50 Typography Terms Every Web Designer Should Know (And Understand)

Last Updated on September 21, 2022 by 27 Comments

50 Typography Terms Every Web Designer Should Know (And Understand)
Blog / Resources / 50 Typography Terms Every Web Designer Should Know (And Understand)

The world of typography is full of dozens of technical terms. While they may be a bit confusing and intimidating the first time you see them, behind this technical vocabulary lies knowledge that can improve the readability and appearance of any website.

To help you absorb some of this useful knowledge, this post will cover 50 essential typography terms that every web designer should know.

1. Kerning

An of example of Kerning.
Kerning describes the spacing between individual letters in a font. Unlike tracking, which adds an equal amount of space between every letter, kerning varies between different pairs of letters.

Kerning is important to web design because it can subtly affect how people perceive text. If the kerning is off, then certain letters may seem to be too close together or too far apart.

2. Tracking

An of example of tracking.
To change tracking means to uniformly change the spacing between letters in a font.

If you need your text to more completely fill a given space (such as a button), an increase in the tracking may do the trick.

3. Leading

An of example of leading.
Leading describes the amount of vertical space between lines of text.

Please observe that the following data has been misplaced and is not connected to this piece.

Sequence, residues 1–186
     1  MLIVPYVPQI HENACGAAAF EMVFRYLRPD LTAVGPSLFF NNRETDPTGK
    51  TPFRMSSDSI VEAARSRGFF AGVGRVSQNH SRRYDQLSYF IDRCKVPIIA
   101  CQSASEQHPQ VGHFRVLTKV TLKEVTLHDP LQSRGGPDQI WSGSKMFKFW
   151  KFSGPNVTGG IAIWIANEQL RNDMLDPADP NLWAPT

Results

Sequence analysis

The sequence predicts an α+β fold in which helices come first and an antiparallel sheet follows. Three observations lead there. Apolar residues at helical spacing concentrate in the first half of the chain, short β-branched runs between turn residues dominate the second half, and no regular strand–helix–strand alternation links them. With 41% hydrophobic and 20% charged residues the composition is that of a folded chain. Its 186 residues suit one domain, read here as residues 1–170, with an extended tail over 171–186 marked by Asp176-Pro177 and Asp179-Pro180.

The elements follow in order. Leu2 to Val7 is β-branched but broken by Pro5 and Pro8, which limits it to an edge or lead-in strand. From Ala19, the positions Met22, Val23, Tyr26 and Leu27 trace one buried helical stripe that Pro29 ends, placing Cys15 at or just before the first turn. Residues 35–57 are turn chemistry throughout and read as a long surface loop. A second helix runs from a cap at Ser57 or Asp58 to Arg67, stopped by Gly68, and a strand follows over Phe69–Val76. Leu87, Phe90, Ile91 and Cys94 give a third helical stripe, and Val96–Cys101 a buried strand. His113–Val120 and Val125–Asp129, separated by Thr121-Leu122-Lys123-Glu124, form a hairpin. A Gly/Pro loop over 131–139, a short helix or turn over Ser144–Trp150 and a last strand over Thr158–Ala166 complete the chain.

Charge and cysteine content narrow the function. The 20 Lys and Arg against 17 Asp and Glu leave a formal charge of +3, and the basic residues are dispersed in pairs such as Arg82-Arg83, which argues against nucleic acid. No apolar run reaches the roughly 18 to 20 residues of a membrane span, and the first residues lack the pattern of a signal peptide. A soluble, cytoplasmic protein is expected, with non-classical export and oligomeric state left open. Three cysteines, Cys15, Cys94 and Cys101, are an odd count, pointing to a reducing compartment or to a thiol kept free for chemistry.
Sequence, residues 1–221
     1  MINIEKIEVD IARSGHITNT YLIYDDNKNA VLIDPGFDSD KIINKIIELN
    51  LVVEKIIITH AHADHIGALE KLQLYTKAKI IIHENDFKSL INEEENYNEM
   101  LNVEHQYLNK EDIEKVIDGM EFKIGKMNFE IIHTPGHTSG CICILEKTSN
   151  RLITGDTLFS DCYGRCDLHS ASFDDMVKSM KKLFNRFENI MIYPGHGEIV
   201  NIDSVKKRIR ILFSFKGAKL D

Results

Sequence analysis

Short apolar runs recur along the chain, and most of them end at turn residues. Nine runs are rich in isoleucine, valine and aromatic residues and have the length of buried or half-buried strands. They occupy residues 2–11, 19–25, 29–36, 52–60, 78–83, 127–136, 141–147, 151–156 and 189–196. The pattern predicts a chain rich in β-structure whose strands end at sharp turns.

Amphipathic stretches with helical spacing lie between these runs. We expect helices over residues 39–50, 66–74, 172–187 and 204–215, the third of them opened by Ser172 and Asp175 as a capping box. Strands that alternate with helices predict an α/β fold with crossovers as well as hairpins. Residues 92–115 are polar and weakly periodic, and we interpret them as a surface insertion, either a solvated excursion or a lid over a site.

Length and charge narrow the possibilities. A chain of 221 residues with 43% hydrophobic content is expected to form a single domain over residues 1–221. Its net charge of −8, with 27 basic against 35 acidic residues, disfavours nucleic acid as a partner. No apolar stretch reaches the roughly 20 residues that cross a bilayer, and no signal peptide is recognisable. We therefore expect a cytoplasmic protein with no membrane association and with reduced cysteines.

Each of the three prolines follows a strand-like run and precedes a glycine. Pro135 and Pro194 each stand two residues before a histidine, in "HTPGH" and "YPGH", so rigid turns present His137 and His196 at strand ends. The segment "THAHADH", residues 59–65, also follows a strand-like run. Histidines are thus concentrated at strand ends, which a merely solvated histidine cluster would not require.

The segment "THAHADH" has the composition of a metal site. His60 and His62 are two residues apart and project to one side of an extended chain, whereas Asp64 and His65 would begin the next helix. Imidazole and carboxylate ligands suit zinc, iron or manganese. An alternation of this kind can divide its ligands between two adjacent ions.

The right amount of leading helps the reader’s eye move smoothly across the page, improving readability.

4. Glyph

An of example of glyphs.

Image by Artoptimum / shutterstock.com

A glyph is the smallest unit in a font that has any meaning. Glyphs include letters, numerals, punctuation, and other characters.

If you plan to design a website that will display text in languages other than English, you should make sure that your typeface of choice has all the glyphs you will need.

5. Serif

An of example of a serif font.

Image by Irmy / shutterstock.com

A serif is a small line that appears at the end of a stroke in a character. In typography, you’ll usually hear it used to describe a serif font.

Traditionally, serif fonts are used for body copy, particularly in print. Consequently, using serif fonts for the body copy on your website is a good decision if you want your site to evoke the printed page.

6. Sans-Serif

An of example of a sans serif font.

Image by aiym design / shutterstock.com

Sans-serif describes a character without serifs.

These fonts work nicely for headings, as their straightforward quality grabs the reader’s attention. Contrasting a sans-serif font with a serif font is a key principle of font pairing.

7. Font

An of example of a font.

Image by Hari Syahputra / shutterstock.com

Also known as ‘typeface,’ font is a broad term that encompasses the style, size, and weight of the text. Examples of well-known fonts include the sans-serif font Arial and the serif font Times New Roman.

Your choice of font influences the way readers perceive your website. Different fonts have different personalities, so they have a subtle (but meaningful) effect on the way readers experience your message.

8. Font Family

An of example of a font family.

Image by Sashatigar / shutterstock.com